GPs warn 30 November 'day of action' will increase workload

The TUC's 'day of action' on Wednesday 30 November is likely to increase GP workload, leading GPs have warned.

Dr Vautrey: ‘Patients whose hospital appointments have been cancelled will be coming to us'
Dr Vautrey: ‘Patients whose hospital appointments have been cancelled will be coming to us'

On Wednesday public sector unions will strike over proposed reforms to public sector pensions on the so-called 'day of action'.

GPC deputy chairman Dr Richard Vautrey warned that consequences of the strikes, such as demands for sick notes and reduced hospital services, were likely to increase GP workload.

PCTs were recently advised by NHS Employers that they may wish to request sick notes from staff who take the day off on the ‘day of action’.

Dr Vautrey said: ‘The biggest impact will be from public sector employees requiring sick notes. Those unnecessary consultations will have a knock-on effect (on GP workload).’

Sick notes
Dr John Hughes of The Association of LMCs across Greater Manchester described the sick note requirements as a ‘completely inappropriate use of a doctor's time. 

‘Some GP practices will already be under strain because of industrial action by staff. Adding an unnecessary administrative task to their workload is unacceptable and would undoubtedly make it harder for patients to get appointments,’ Dr Hughes said.  

'Some people may well be running a semi-emergency service due to the increase workload,' he added.

Dr Vautrey said that hospitals running bank holiday staff services would also have an effect on practices.

‘Patients whose hospital appointments have been cancelled will be coming to us,’ he said.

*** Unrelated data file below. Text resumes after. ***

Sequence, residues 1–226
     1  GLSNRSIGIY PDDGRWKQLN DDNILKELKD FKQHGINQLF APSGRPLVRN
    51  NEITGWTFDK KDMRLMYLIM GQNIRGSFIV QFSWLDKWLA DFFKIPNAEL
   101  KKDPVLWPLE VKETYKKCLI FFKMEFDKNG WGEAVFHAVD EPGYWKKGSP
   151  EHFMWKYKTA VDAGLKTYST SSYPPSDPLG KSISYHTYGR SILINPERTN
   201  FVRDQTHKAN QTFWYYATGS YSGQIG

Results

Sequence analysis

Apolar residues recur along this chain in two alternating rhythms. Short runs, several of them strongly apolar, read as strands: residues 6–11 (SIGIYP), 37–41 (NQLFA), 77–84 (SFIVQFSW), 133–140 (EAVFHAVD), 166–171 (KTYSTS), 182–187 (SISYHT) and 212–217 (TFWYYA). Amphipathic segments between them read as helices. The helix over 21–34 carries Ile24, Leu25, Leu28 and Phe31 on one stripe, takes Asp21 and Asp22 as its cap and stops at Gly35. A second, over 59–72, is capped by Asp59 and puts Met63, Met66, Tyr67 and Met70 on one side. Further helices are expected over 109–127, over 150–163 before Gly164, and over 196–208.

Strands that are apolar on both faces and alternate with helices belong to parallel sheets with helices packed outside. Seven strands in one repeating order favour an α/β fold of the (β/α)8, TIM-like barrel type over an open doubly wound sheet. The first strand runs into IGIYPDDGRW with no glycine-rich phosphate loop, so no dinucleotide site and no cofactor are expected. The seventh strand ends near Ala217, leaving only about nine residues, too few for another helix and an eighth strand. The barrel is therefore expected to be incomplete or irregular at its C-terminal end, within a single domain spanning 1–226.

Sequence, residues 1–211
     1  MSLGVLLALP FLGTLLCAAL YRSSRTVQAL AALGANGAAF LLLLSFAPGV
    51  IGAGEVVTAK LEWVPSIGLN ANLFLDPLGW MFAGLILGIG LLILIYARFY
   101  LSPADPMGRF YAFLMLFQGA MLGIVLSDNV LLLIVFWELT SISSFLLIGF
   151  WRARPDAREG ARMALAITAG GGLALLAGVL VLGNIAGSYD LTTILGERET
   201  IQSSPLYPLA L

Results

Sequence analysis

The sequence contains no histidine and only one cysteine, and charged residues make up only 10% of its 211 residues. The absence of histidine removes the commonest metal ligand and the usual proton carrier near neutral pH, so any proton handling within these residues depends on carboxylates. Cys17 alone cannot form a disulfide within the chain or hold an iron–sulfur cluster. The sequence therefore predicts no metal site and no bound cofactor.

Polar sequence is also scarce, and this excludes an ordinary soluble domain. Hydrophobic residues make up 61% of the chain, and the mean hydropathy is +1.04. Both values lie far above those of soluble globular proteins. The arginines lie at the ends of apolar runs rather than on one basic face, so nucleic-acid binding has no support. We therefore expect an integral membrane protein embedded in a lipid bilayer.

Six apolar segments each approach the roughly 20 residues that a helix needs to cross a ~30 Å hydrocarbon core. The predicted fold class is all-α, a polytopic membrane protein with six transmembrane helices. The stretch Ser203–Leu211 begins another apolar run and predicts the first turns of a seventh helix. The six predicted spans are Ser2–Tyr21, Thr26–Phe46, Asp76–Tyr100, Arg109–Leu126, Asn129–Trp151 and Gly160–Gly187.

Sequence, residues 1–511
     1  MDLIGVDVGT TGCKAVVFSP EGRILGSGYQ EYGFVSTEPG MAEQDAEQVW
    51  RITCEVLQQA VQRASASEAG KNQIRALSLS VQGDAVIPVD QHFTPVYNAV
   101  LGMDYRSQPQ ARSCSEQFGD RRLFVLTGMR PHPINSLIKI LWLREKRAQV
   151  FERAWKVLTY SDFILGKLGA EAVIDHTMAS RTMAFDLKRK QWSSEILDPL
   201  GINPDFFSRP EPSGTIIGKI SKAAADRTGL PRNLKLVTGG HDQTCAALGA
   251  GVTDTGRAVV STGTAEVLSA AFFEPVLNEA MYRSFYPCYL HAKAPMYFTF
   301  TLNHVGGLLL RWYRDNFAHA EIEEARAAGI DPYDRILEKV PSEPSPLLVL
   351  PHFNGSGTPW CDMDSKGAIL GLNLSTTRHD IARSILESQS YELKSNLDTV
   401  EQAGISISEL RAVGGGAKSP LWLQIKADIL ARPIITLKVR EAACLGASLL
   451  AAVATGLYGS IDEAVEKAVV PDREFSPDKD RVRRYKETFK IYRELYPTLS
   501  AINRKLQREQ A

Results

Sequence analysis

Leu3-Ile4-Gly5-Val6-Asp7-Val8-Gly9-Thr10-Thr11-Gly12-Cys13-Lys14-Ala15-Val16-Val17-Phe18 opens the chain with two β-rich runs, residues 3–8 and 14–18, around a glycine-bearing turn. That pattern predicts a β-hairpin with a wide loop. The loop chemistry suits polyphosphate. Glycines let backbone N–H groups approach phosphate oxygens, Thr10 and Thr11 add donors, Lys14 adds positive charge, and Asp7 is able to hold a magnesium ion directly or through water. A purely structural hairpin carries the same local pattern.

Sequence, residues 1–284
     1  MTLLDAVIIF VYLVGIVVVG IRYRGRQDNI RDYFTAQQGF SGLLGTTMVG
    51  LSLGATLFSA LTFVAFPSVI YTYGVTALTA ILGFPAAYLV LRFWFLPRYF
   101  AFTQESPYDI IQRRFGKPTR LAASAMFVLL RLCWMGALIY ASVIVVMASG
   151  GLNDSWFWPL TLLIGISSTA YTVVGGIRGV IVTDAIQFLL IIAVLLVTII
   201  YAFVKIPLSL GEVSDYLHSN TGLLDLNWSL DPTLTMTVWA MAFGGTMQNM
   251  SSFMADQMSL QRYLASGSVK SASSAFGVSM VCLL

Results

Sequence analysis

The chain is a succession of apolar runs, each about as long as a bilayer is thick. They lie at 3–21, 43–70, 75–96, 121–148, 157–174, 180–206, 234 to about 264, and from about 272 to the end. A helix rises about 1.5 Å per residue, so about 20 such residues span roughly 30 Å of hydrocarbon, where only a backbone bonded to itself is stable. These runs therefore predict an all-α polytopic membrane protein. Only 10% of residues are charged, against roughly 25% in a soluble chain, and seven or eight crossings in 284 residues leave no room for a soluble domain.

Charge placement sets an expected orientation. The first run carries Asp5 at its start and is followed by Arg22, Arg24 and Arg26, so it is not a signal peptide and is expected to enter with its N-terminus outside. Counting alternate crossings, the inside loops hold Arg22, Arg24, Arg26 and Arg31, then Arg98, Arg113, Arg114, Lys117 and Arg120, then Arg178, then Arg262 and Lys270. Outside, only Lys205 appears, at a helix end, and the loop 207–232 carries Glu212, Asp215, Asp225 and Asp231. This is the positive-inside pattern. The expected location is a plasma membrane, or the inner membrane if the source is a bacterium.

Impact of strikes
Dr Rob Barnett, Liverpool LMC secretary agreed. Speaking to the Liverpool Echo, he said: ‘We are worried ill people who need to see a doctor will have problems. Also because hospitals will operate a bank holiday service this may increase the amount of patients coming to us.’

Dr Barnett said that although he was concerned over the impact of schools closing would have on staff levels and the number of patients attending the practice, he said it was difficult to predict what would happen.

'Either families will have a day out at the surgery or they wont come at all,' he said.

Dr Hughes said that fracture clinics and orthopaedic clinics were likely to be closed due to physiotherapists striking, and GPs would not be able to run blood tests for the day due to a lack of hospital staff. 

The Medical Practitioners' Union (MPU) recently announced that despite balloting members under the Unite ballot, GPs would not be called out to strike due to legal complications.

However some practices may still make the decision to show their support for the strikes, MPU chairman Dr Ron Singer said.

The Limehouse Practice in Tower Hamlets, east London, plans to hold a one-hour protest on Wednesday morning, with GPs and staff gathered outside with placards and banners.

Deputy practice manager Khawar Majeed said that during the morning surgery GPs would be available for emergency appointments but non-emergency patients will not be able to book an appointment.

He said that patients had been able to book appointments for the day of action since Monday.

Lunch time protest
BMA members may also decide to use their lunch breaks to get involved and show their support for the strikes.

Dr Hughes said: 'I certainly know of a couple of GPs planning to use their lunch time to join the march through Manchester.'

It is possible that practice staff who are members of unions which have been balloted will decide to take part in industrial action.

However Dr Vautrey did not think the strikes would have a huge impact on practice staffing levels.

‘It’s unlikely to have a massive impact on our particular staff. Only a small number of practices are likely to be affected.’

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